Only train travel gives you the sense of a journey taken
I love the drive to the airport. It is not the same as driving to the railway station. The airport always holds the promise of a take-off – take-off from your present circumstances, from the routine. It promises an instant break. Train journeys, on the other hand, never let you get away from reality. You travel with the same people that you want to escape, and when you stare out of the window, the emptiness of the lands passing by stare back at you. You don't really escape, you only endure a journey.
That wasn't the way I thought until a few years ago. I had always believed that if a journey has to be made, it should be made only by train because only then you got the sense of travel. Imagine taking the flight from Chennai to Delhi on a December afternoon: one moment you are sweating because of the humidity, the next moment you are shivering due to the ice-cold winds sweeping down from the Himalayas. You don't feel the transition.
Had you taken the train, you would have travelled through six large states, physically covering every inch of the 2,000 kilometres that stand between the two cities – in the process watching one culture melt into another, one landscape giving way to another. But then, those were the days I had no money but all the time in the world.
Today, I may have the money – at least a couple of credit cards that can buy me plane tickets whenever I need to travel – but I don't have the time. Bosses aren't exactly pleased when you ask for a week's leave, and if, of those seven days, three are spent in the train (36 hours each way), what's the point? You begin to think of the things you could do in those three days and eventually find yourself logging on to makemytrip.com. The airport, in any case, is a far more comfortable place to kill time than the railway station. You have a small army of courteous staff, the cabin crew included, who readily attend to your needs and calmly put up with your tantrums. In a railway station or in a train, courtesy is something you never take for granted.
Having said that, I now want to revert to my old belief. A journey must be made only by train unless there is an emergency. I am no longer going to think about all I can do in those three days but what I am going to miss out in those three days. It is during those three days that I get to see the real India, which I rarely get to see otherwise. And to understand a country as diverse as ours, where dialects and cultures and customs change every 200 kilometres, it is imperative that you travel on land.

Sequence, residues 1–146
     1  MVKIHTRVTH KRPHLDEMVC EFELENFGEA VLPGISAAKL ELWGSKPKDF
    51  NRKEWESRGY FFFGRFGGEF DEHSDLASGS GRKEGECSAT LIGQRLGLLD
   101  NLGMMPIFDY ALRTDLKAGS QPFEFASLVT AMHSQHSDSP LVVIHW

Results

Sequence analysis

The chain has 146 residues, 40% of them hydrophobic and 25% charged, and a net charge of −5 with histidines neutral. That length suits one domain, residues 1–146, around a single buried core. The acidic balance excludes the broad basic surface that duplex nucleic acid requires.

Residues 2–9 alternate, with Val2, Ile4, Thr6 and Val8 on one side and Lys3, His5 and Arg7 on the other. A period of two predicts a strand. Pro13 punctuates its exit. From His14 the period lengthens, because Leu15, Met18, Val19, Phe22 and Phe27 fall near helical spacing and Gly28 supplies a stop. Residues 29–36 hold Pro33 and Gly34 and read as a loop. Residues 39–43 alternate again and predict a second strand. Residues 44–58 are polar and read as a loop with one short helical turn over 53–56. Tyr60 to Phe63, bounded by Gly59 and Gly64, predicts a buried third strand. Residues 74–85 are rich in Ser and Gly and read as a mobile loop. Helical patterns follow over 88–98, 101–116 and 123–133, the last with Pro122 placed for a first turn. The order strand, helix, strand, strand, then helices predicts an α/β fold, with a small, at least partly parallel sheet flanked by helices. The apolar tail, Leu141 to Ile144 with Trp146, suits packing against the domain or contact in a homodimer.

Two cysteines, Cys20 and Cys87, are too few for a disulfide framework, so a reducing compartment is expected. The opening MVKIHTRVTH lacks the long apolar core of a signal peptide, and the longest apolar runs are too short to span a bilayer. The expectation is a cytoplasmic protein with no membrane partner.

With air travel becoming affordable and time becoming a precious commodity, there is another huge threat: the future city-bred generations might never ever get to experience the vastness of India as they plane-hop from one city to another. A time will come when they wouldn't have even heard of places like Warangal or Nagpur or Itarsi. They would have heard of Madhya Pradesh but they would never get to know what Madhya Pradesh looks like – simply because the plane, unlike a train, would be flying over the state.
Even if you look at it philosophically, air travel is only an illusion: one moment you are sweating and the next minute you are shivering. It is the train journey that represents human life. Life begins at one junction and ends at another, and in between the train halts at various stations, small and big, where passengers who have given you company until now get down and new passengers hop in. And even before you realise, the attendant is busy collecting the bedsheet and the blanket and the pillow – an indication that your destination is arriving soon.
Destination need not always mean death. It can also mean discovery. And a train journey is the only way to make such discoveries – it keeps you rooted to the ground even when you are flying high.